Tedh and the Chicago area cham-
pions, Roosevelt College last week-
end. 1
These are the top three teams
in the Chicago area.
The five man team is part of
the University Chess Club which
was organized last fall. Members
are Carl Driscoll,. Marck Eucher,
Jack Strouss, Steve Smale, '52
and Russ Church, '52.

Law School
Elections Held
William Milligan, 51L, was elect-
ed president of the law school sen-
ior class yesterday.
Successful candidates for the re-
maining offices were Don Runyon,
51L, vice president, Lyle Long, 51L,
secretary and Bill Roach, 51L,
treasurer.
Council Jobs Open
Petitions for four positions on
next year's Engineering Honor
Council are currently being ac-
cepted- by the Engineering Coun-
cil. The deadline for petitioning is
May 3.1

this can be YOU
. . in your smart short hair-do. Nedt,
efficient-looking, but still softly fem-
inine.
STOP IN this week for a personality
trim and permanent - and presto -
you will look your very loveliest!
STAEBLER BEAUTY SHOP
q 601 East Liberty
0oG=t

I,:

.4

-Dally- ilyle Maral
TOO STRICT-Overeonscientious Sganarelle (u.r., played by Nafe
Katter, Grad.) refuses to let his ward Isabelle (u.l., Margaret Pell.
'50) go to the carnival with Ariste (Earl Matthews, Grad.) and
Leonor (Dolores Rashid '51) in tonight's production, of "School
For Husbands."
* * * *
Moliere's Comedy, 'School For
Husbands' Will Open Tonight

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House lights will dim -on the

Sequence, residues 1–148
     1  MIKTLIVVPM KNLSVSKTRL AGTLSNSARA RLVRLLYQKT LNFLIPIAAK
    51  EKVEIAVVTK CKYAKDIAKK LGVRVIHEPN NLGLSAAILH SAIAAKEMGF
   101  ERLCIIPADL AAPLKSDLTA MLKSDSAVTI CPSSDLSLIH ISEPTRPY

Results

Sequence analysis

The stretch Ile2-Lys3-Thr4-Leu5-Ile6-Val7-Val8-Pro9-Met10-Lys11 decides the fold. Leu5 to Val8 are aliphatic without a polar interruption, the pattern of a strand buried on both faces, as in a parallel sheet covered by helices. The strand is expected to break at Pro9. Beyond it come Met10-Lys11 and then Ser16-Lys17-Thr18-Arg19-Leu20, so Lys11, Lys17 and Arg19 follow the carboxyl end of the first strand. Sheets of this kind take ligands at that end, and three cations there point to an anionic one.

opening night performance of
Moliere's 17th century comedy
"School For Husbands" at 8 p.m.
today in Lydia Mendelssohn Thea-
tre.
The play which is the last pro-
duction of the Speech department
for this season was based on an
earlier work "The Forced Mar-
riage" and is considered the turn-
ing point of Moliere's career as a
writer of comedy.
The satire has been adapted
for modern audiences by the in-
troduction of music and a ballet
'interlude, "The Dream of Sgan-
arelle." Original dance sequences
have been created for the produc-
tion by Dr. Juana da Laban, pro-
fessor of modern dance. Music
will be a five piece orchestra from
the School of Music under, the di-
rection of Paul Miller, Grad.
Applications
For Summer
HousingDue
Students planning to attend the
summer session were warned to
make their housing arangments as
soon as possible by University aq-
ministrative officials .yesterday.
The Dean of Students Office
announced that applications are
being accepted for East Quad-
rangle and Fletcher Hall for men
for both six and eight weeks con-
tracts. Meals will be served only